Population may treble when homes are built
Take a drive through all corners of the city and one thing should become abundantly clear: new homes are "popping up like weeds," Basehor Planning Commission member George Smith said.
Numbers don't lie, and according to figures provided by Basehor city officials, Smith isn't lying.
Basehor city planner Angela Solberg said the Planning Commission, either through preliminary or final plats, has approved approximately 1,424 single-family homes. Just as staggering is the number of multi-family dwellings approved: 165 duplexes (330 units), 59 four-plexes (236 units), 10 three-plexes (30 units) and 248 apartment units.
Using the city's standard of 3.5 people per home, with the approved single-family residences alone, Basehor's population could rise by 5,019 people when those developments are completed. According to the latest Census information available, Basehor's current population is 2,715.
And, when adding the number of residents stemming from the multi-family side of developments, it's easy to believe "we're talking about our population tripling," as Solberg said.
There are currently nine residential subdivisions in some form of development in Basehor. Next month, the Planning Commission will review early plans for the 10th.
A proposed subdivision north of the city could add 440 single-family homes to Basehor.
On Tuesday, April 5, Planning Commission members will host a public hearing to consider the preliminary plat for Highpoint Downs, a 204-acre subdivision located at the southeast corner of 155th Street and Donahoo Road. The Planning Commission will also vote whether to rezone 191 acres of the development from rural to single-family residential.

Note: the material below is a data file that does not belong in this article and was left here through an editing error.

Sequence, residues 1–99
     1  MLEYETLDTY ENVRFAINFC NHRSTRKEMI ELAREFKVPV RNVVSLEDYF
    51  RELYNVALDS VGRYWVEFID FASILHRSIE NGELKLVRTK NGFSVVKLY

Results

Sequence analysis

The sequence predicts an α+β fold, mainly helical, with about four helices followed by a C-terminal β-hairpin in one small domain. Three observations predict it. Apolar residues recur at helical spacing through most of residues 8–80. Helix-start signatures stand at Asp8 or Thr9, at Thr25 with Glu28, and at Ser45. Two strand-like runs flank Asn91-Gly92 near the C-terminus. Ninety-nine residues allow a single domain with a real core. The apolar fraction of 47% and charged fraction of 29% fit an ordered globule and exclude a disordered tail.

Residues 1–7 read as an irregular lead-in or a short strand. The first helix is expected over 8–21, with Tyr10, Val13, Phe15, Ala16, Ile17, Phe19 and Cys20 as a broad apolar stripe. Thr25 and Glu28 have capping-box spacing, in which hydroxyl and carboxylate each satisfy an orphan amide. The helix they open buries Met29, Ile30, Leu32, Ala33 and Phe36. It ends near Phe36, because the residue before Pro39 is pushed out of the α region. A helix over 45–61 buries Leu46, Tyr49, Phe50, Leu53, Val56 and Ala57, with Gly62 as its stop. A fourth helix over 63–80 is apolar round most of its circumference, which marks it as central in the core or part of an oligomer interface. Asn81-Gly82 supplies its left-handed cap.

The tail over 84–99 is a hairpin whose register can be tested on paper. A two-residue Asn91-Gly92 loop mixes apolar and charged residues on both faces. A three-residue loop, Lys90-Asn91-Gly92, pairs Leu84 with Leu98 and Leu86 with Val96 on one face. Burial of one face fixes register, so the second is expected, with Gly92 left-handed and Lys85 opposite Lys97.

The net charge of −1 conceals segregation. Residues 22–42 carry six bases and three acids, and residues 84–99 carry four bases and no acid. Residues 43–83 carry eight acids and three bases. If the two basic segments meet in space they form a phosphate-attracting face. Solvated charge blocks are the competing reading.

The public hearing is scheduled to begin at 7 p.m. inside the meeting room at Basehor City Hall.
Solberg said that approximately 10 acres of Highpoint Downs land was originally within city limits. The remaining acres were annexed during Monday's Council meeting.
At the core of the development's preliminary plat is approximately 6 acres of land slated for a public park.
Solberg said developers have indicated they would donate the land to the city for park use, but before moving forward, the city's park advisory board must approve the land's acquisition.
Basehor mayor Joseph Scherer, himself a developer and Realtor, recently said during a council work session that growth began taking root in Basehor in the late 1990s. The implementation of the city's wastewater treatment facility also opened the door for the city's expansion.
"We were a nice, quiet bedroom community until about 1998," Scherer said. "That's when the growth started."
Admittedly, the city has dealt well with handling growth, Scherer said, but a proactive approach to growth is being taken and future elected officials should have an easier time managing the commercial and residential boom the city is seeing now and in the future.
"Now we're growing and we've taken a big boot you know where," he said. "We've struggled just to keep our heads above water.
"The next council should get us where we're playing on an even playing field," Scherer said. He added, "We're almost over the hump. We just happened to be the council who's taking the lumps."